Freedom of Religion

A federal appeals court ruled that a religious group could not use public school property for religious services because the property was not a “public forum.”

Church Law and Tax2001-01-01

Freedom of religion

Key point 14-06. Adults may use public property for religious purposes if the property is used by community organizations for non-religious purposes. Excluding religious speech, while allowing other kinds of speech, violates the first amendment guaranty of free speech. Use of Public Property for Religious Purposes

A federal appeals court ruled that a religious group could not use public school property for religious services because the property was not a “public forum” that had been opened to a wide variety of community groups. A public school district developed a written use policy for non-student groups who wished to use school facilities after hours. That policy permitted buildings to be used for civic, recreational, and entertainment purposes that were open to the public and pertained to the “welfare of the public.” It did not permit partisan political activity or for-profit fund-raising. The policy also forbids uses involving “religious services or religious instruction” but permits discussions of religious material or material containing a religious viewpoint. A religious organization requested use of school facilities for a “prayer meeting” at which the group planned “to worship the Lord in prayer and music … to discuss family and political issues, pray about those issues, and seek to engage in religious and Biblical instruction with regard to those issues.” The school district denied the request, citing the policy, and the religious organization filed a lawsuit in federal court challenging the district’s decision. A federal district court ruled that the school district’s policy was unconstitutional. A federal appeals court disagreed. It concluded:

The right to speak on public property is largely dependent on the nature of the forum in which the speech is delivered. If the government has designated a forum as public, even if it was not traditionally public, the government’s exclusion of a group from the forum is subject to strict scrutiny [meaning that a “compelling government interest” must be proven to justify the exclusion]. If the government has not so opened the forum, the government may exclude groups as long as that exclusion is reasonable and viewpoint neutral.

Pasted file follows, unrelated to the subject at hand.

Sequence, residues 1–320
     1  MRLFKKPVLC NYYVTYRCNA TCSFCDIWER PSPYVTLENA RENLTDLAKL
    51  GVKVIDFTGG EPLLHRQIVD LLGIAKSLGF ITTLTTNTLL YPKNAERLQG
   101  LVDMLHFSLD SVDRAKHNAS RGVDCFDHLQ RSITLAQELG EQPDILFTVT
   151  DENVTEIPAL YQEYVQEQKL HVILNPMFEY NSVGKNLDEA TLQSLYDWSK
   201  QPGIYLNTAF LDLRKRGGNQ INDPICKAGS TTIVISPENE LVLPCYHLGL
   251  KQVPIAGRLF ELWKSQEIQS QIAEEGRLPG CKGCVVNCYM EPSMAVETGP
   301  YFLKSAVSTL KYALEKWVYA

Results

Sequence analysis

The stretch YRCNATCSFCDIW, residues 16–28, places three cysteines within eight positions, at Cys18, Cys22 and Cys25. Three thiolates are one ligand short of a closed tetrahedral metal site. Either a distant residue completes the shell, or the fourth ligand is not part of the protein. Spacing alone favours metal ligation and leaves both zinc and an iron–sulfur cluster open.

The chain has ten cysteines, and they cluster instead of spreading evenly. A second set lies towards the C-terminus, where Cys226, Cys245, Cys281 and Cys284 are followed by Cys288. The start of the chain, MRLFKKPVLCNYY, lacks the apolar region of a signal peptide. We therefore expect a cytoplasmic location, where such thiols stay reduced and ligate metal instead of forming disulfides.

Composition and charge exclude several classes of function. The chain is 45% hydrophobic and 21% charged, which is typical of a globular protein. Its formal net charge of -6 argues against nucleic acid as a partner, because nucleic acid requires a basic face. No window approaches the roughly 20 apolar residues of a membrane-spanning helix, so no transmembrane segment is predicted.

To avoid strict scrutiny, the school district’s policy thus must not have created a public forum. Although a school is not a traditional public forum, a district may designate it as such by indiscriminately permitting use by the public at large for assembly and speech. A school may selectively open itself to some public use, however, without creating a designated public forum. In such cases, the government may restrict access to certain kinds of groups or to the discussion of certain topics. At some point, the allowance of a sufficiently wide variety of uses creates a designated public forum.

Had the school district in this case created a “public forum” by allowing a sufficiently wide variety of uses on its property by outside groups? If so, then it could not deny religious groups the right to use school property unless it could prove that its policy of excluding religion furthered a compelling government interest. This is a very difficult standard to meet. The court acknowledged that “in cases where courts have held that schools had created a public forum, the school’s access policy was completely open except for a religious prohibition.” By contrast, the court noted that the school district’s policy excluded partisan political activity and for-profit fund-raising in addition to religious activities, and therefore “the policy’s restrictions indicate that the school’s purposes in allowing some public use have not reached the point at which any use-save targeted religious activities-is allowed. We are thus persuaded that the restrictions are minimally sufficient to maintain the school buildings’ status as a non-public forum.”